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Endless Debates on Monopolies in Space: Committee on the Peaceful Uses of Outer Space, 1961

Day 1, Committee Session 2:

The Committee on the Peaceful Uses of Outer Space 1961 has many partitions among itself. The Union of Soviet Socialist Republics, cooperating with the United States of America, proposed a piece of legislation that marked the creation of a Global Space Agency, a UN body to monitor space exploration. Although this is supposed to be an equal opportunity for each nation to control space, this resolution gives power to only the USSR and the US, which leads to a highly probable monopoly on space for these two superpowers. Other countries in this committee, such as Brazil, Belgium, Albania, and Canada, voice their concerns about this new space agency and suggest a similar concept of the creating a space agency. However, their resolution provides more proportionate representation to smaller nations that may not have the resources to go to space at this time. This committee is supposed to be collaborating with each other in order to give a more equal opportunity to nations and regions across, but on the other hand, delegates are building a resolution that concentrates all the power in space for only USSR and USA. This I find unfair to many of the delegates present there.

Day 2, Committee Session 1:

After sessions of moderated and unmoderated caucuses, it seems the committee has mutually come to two resolutions on the topic of preventing space from becoming a field for rivalries between superpowers.

One resolution by India, Brazil, the United Kingdom, etc., lays down general laws and sanctions for the use of outer space. This resolution enforces neutrality and promotes a greater scientific understanding of space and that “these innovations be considered public property.” Additionally, it mandates that “international legislation must be made to regulate tensions between superpowers.”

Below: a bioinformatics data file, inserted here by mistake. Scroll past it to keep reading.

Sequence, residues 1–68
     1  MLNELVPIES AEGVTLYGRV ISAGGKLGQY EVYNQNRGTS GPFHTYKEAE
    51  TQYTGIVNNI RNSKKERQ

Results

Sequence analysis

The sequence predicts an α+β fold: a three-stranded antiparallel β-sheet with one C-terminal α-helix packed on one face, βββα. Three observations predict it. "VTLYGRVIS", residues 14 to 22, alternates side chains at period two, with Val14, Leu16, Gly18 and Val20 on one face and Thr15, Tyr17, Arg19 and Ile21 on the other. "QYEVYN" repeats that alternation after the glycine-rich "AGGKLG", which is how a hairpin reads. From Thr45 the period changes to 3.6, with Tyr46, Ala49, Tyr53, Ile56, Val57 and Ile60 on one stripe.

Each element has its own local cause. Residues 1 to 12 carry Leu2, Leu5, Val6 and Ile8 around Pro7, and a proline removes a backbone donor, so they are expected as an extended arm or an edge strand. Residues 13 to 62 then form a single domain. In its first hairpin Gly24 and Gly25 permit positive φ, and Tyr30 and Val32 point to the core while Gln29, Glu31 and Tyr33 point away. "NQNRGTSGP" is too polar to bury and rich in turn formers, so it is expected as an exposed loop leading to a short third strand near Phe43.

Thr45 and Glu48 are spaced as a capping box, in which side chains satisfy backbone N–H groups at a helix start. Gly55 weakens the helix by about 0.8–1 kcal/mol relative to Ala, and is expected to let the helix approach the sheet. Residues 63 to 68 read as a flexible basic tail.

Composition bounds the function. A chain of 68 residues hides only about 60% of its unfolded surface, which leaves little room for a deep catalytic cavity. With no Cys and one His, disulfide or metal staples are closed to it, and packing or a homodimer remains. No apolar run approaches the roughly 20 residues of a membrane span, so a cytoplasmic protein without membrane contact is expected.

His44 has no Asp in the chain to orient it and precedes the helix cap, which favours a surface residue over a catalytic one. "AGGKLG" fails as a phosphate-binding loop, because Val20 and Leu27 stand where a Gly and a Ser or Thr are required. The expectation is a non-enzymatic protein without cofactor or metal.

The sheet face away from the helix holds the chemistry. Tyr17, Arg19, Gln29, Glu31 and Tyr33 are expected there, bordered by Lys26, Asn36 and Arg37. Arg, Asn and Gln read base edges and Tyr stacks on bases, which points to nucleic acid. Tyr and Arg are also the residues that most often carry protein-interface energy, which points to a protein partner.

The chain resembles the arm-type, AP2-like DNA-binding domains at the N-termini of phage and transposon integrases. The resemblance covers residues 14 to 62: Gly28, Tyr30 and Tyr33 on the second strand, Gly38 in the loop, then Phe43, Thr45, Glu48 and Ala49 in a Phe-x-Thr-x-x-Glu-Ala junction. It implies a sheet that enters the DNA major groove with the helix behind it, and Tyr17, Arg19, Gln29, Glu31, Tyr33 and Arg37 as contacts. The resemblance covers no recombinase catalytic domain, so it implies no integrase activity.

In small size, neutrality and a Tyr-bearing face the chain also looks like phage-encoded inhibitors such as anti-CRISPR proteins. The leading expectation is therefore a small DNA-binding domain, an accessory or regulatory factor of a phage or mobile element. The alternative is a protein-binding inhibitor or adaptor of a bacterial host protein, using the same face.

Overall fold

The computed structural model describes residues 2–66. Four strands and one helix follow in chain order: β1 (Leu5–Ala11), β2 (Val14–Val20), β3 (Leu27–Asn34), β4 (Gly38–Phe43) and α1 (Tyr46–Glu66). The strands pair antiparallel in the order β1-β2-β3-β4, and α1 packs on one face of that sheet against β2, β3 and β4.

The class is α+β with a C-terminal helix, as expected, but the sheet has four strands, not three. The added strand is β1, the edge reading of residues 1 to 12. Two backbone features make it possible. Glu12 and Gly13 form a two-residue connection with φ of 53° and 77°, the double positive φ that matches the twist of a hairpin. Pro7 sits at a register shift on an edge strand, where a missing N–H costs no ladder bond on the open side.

Another resolution by the USSR, Canada, Japan, etc., was the creation of a UN body, the Global Space Agency (GSA) “as a platform to build and expand fairing operations, establish launch facilities and special committees made of nations to conduct research and development.”

Even though the US and USSR are the most technologically advanced countries in space activity, the previous two resolutions, which both did pass, allow for smaller nations to begin space exploration and global cooperation on peaceful uses of outer space, which was the entire purpose of the committee. My initial thoughts on these delegations have changed and I genuinely appreciated how these countries worked together to form resolutions for the greater good of all.

Furthermore, under topic two of preventing space exploitation and monopolization, many countries agree that privatization and monopolization of space is unethical and that corporations should not be allowed to exploit land and profit from space. India proposes a resolution for “the creation of centralized programs for each country,” which would allow governments to regulate corporations and assist in keeping equal opportunity in space for all countries.

The delegates work and debate on the forthcoming resolutions about building a Global Space Agency.

Resolutions 1.1 and 1.2 being displayed and shared to the committee.

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